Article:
Advertisement -- Learn more about ads on this site.

Health A-Z

Medical Content Created by the Faculty of the
Harvard Medical School

Prevention

The best way to prevent diabetic nephropathy is to control your blood sugar. In addition, your blood pressure should be monitored frequently, and blood pressure should be kept below a peak level (systolic pressure, the "top" blood pressure number) of 130 millimeters of mercury (mmHg), and kept below a bottom number (diastolic pressure) of 80mmHg. These goal numbers for blood pressure are lower than the numbers that are used for people who do not have diabetes.

Two types of blood pressure medicines protect against kidney damage in ways that go beyond lowering your blood pressure. Any person who has diabetes and who also has high blood pressure should regularly take one of these medications. These medicines come from a group of drugs called angiotensin-converting enzyme inhibitors (ACE inhibitors), including lisinopril (Zestril, Prinivil), enalapril (Vasotec), moexipril (Univasc), benazepril (Lotensin) and others, or from a group of drugs called angiotensin receptor blockers (ARBs), including losartan (Cozaar), valsartan (Diovan) and others.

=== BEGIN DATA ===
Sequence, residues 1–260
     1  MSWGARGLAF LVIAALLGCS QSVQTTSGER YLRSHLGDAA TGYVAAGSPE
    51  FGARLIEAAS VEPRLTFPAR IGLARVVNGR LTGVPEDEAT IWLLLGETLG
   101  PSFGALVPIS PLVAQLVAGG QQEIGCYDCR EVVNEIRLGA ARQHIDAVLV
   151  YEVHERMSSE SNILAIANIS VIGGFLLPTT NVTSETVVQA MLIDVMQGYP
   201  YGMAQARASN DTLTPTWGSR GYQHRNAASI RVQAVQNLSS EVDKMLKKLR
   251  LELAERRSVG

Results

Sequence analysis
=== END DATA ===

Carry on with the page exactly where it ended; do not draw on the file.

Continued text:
Avoiding medications that can sometimes have harmful side effects upon the kidneys also can help to prevent kidney disease. If you have severe kidney disease, your doctor may advise you to avoid pain medications in the nonsteroidal anti-inflammatory drug group (NSAID group) such as ibuprofen.

A low-protein diet (10% to 12% or less of total calories) also may slow or halt the progression of kidney disease. If you smoke cigarettes, you should quit.

Page 5 of 9     Next Page:  Diabetic Nephropathy Treatment
Click here to to redeem your SparkPoints
  You will earn 3 SparkPoints
From Health A-Z, Harvard Health Publications. Copyright 2007 by the President and Fellows of Harvard College. All rights reserved. Written permission is required to reproduce, in any manner, in whole or in part, the material contained herein. To make a reprint request, contact Harvard Health Publications. Used with permission of StayWell.

You can find more great health information on the Harvard Health Publications website.